customer data

What Customer Data Should You Be Paying Attention To?

With all the nomenclatures for types of customer data floating around, are marketers getting hung up on the wrong thing?

With all the nomenclatures for types of customer data floating around, are marketers getting hung up on the wrong thing? As a point of clarification, by definition, here’s what we’re dealing with:

  • Third-Party Data – bought from data aggregator firms
  • Second-Party Data – another organization’s first-party data / affiliate partnerships
  • First-Party Data – automated data organizations collect directly from customers
  • Zero-Party Data –data customers generally are incented to share with an organization

A lot of this data collection and compilation is commonly automated, and much of the way it’s used is based on inference and assumption and far too often ignores the consumer.  This has proven to be problematic. One does not have to search far to see the sweeping legislative changes impacting data collection and subsequent utilization of data.  Change is now taking hold and gaining momentum throughout the US and Europe, as regulators are now defining compliance requirements that must be accommodated when using customer data. Moreover, consumer trust is at an all-time low. They not only are aware of the data they provide, they want to define how and for what their data is used for.  Beyond a preference center, consumers want and expect organizations to know them and to accommodate their needs based on data they’ve shared, not what’s been purchased on the open market.

How companies obtain data and how they subsequently use it is becoming increasingly important to the individual consumer. So how do businesses capture data when consumers are concerned about privacy and legislation is bearing down?

Flip the approach.

What if customers chose to tell you about themselves? What if they saw the value in doing so? What if appropriate value exchanges made everything a whole lot easier?

Earned data’ is a different beast to first, second, third, fourth, fifth (or whatever) level of party data that might be offered. It’s transparently obtained and allows for deeper levels of engagement that helps brands better serve customers

It’s not necessarily the same then, as personalization. Businesses don’t need to know everything about customers (and it’s highly unlikely that customers would want them to). We must move beyond purely transactional engagements, to understanding intent and sentiment, and we must do so with consumers fully in the driving seat.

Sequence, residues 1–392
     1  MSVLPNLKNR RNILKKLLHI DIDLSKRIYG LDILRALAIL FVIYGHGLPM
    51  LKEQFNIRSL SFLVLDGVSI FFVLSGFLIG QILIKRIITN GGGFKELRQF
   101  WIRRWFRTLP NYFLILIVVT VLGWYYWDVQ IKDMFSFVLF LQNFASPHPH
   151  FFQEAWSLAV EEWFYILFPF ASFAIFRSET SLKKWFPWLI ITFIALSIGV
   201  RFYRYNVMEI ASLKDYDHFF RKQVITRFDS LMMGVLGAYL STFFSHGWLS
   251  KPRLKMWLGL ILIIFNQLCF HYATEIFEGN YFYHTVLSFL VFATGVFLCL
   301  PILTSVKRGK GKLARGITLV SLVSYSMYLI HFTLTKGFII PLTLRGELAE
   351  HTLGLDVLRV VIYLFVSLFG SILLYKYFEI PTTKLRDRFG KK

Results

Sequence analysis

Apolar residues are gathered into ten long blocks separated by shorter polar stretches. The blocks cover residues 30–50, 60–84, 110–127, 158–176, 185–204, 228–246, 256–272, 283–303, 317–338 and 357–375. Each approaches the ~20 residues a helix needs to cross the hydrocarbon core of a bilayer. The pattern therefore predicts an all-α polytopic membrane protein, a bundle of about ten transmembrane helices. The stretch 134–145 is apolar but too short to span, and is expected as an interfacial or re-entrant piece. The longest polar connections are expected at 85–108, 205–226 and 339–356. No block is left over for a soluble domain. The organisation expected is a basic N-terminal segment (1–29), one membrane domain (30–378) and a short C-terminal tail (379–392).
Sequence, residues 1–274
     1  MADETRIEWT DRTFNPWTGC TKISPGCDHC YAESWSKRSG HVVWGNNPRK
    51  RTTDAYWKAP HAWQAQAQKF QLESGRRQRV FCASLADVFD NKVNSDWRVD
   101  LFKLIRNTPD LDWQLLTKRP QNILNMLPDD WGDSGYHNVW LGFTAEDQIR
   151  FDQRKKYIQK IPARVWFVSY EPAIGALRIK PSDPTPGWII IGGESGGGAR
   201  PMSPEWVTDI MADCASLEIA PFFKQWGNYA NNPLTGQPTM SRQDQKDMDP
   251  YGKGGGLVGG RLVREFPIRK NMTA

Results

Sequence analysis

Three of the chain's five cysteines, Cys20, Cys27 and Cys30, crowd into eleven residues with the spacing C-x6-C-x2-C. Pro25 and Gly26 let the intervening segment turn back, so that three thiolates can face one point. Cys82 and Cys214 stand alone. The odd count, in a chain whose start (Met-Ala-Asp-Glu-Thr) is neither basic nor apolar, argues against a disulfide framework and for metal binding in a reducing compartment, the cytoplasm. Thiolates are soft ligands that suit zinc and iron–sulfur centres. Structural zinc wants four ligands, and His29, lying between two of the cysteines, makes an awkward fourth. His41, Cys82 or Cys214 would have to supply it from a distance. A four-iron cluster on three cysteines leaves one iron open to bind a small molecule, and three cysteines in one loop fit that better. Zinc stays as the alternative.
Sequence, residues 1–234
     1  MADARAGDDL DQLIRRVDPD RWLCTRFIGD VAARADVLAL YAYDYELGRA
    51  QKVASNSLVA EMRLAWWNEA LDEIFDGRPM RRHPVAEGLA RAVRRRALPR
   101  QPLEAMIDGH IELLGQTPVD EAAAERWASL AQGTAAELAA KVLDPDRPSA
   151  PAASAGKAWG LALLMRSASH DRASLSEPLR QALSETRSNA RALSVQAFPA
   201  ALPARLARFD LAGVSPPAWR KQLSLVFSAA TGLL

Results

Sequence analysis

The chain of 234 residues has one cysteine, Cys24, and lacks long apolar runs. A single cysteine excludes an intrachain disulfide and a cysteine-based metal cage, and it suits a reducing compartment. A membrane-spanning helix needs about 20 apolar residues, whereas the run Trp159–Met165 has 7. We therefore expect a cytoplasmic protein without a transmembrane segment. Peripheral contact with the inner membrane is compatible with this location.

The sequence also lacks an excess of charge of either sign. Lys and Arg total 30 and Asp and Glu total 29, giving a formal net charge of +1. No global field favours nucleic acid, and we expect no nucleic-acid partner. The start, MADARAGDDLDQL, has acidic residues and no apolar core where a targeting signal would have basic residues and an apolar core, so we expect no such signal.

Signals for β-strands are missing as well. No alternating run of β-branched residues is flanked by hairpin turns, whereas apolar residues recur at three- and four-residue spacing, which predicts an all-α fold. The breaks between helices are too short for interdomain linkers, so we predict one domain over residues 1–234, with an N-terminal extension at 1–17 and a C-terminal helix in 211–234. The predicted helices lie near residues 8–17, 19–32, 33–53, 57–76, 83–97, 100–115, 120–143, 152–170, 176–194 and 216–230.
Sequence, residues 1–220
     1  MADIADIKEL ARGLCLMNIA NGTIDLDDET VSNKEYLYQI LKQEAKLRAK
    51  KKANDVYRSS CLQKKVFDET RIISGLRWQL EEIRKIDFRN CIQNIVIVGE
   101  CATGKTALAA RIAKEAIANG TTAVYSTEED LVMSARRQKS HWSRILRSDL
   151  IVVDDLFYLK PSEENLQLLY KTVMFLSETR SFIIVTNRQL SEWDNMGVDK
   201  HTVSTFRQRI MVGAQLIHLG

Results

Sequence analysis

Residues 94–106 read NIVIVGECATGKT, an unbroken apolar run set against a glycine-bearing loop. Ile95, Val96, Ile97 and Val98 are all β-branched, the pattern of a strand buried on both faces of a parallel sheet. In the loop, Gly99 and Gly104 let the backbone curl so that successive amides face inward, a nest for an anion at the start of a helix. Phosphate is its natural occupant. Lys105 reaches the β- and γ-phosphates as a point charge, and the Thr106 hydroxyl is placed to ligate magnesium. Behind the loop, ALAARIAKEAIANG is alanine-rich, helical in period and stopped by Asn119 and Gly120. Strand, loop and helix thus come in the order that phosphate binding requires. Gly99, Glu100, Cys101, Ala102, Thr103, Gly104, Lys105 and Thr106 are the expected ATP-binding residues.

Earned Data Mechanics

So how do we do that? Powerful game and motivational mechanics combined with meaningful value exchange.

We help brands move closer to the source of their customer data – their actual customers – though our platform Voco. It enables customers and employees to interact with organizations on their own terms. Voco’s real-time decisioning engine is able to combine game science theory, data accumulated from billions of interactions, and real-time self-reported data, resulting in the optimum blend of interactive content, rewards incentives and channel for each engagement.

A simple but powerful example; we helped restaurant chain Zizzi earn data through a virtual board game. That data improved the restaurant chain’s marketing, built stronger brand loyalty, increased customer retention, and improved engagement by a multiple of 32. The game, which rewards players with in-game and external rewards in the form of vouchers to be redeemed in store, gathers important information such as dietary requirements and preferences that not only help marketers in their targeting, but which genuinely improves the experience of the diner.

The approach has increased engagement frequency and is especially effective at driving traffic to Zizzi locations at off-peak hours, helping revenue growth during the least profitable hours and times of the year.

Why does it work so well? Small but powerful motivations are at play, including: ‘win state’ (working to achieve rewards creates much greater value perception), ‘scarcity through exclusively’ (we humans want what is hard to get), ‘the endowment effect’ (our psychology changes when we have won and now own something), and so on. Gamification in this setting has created desirability and driven people in store to claim what they’ve earned. In return, the store earns what it needs to know about those playing and claiming rewards.

30-40% of the Zizzi audience that engage with 3radical mechanics continue to do so 24 to 36 months after the original engagement.

This is one example of 3radical’s Voco platform; at the other end of the spectrum, we work with one of the largest banks in APAC to attract, retain and engage customers on its digital platform. The industry may be different but the core principles of creating long lasting relationships that provide greater value to customers, are very much the same.

Earned data is willingly and transparently provided and is of enormous value. The regulator environment is changing (GDPR, CCPA, NYPA). Google is phasing out third party Goggles. Consumers know the value of their data.

The tide is changing, and that’s good! It’s time to earn customer data, I promise it will be worth it!

DOWNLOAD: ‘How to Align Data Collection with Customer Engagement’ Report

Michael Fisher, Ed.D. is an Executive Board Member at 3radical and TheCustomer.  He regularly writes about customer engagement strategies and innovative approaches to building customer relationships.

Check out an example of the earned data experience for yourself here.

Photo by Eric Prouzet on Unsplash.

1 comment
  1. I think all of your points are well-taken, my concern is that very few have had their customer data repositories designed and developed to be able to ingest and to be put into usable forms to support smart marketing.

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